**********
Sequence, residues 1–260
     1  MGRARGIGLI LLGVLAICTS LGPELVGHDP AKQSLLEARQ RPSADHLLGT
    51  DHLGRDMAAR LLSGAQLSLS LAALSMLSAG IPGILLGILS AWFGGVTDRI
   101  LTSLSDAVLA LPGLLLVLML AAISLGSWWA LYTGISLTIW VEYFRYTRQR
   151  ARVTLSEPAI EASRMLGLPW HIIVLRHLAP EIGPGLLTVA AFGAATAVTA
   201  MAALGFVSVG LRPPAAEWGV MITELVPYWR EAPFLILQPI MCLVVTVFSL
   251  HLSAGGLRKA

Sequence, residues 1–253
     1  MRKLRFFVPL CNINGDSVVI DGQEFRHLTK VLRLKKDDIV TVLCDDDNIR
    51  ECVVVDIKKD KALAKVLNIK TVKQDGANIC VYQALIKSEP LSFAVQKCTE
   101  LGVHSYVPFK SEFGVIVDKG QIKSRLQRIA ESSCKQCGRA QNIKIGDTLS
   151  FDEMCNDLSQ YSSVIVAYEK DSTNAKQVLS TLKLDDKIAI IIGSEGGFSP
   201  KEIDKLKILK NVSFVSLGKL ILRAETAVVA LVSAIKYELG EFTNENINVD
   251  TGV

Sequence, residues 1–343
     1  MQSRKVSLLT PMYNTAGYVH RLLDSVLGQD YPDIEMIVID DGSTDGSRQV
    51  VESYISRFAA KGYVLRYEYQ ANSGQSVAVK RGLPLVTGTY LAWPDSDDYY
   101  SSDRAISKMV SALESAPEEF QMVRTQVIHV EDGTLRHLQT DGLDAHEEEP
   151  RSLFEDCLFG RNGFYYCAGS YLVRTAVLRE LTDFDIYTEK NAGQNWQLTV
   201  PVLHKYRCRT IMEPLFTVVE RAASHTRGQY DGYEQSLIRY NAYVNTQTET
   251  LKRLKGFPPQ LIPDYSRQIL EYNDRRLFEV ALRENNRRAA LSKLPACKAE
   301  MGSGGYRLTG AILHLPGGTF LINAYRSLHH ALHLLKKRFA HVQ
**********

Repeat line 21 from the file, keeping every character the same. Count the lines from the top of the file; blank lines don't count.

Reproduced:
   251  LKRLKGFPPQ LIPDYSRQIL EYNDRRLFEV ALRENNRRAA LSKLPACKAE